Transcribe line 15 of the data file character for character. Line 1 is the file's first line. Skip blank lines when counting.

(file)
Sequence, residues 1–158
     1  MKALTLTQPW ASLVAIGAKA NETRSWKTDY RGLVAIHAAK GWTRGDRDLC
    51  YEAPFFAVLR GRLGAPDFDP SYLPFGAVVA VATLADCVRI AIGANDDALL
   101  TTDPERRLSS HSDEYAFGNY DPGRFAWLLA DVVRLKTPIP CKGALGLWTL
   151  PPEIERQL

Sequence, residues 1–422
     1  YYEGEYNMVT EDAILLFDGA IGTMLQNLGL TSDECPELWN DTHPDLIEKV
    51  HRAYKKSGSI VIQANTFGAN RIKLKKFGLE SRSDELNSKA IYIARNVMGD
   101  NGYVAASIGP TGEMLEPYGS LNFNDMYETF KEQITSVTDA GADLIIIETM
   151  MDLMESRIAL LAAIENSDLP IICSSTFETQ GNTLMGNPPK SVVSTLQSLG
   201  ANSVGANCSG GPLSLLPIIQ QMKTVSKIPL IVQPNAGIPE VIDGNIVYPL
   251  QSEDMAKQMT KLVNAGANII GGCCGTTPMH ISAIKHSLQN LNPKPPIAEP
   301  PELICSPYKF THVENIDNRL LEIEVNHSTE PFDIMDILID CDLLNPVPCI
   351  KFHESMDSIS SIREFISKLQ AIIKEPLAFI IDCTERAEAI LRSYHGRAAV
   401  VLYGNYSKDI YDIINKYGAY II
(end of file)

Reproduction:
   401  VLYGNYSKDI YDIINKYGAY II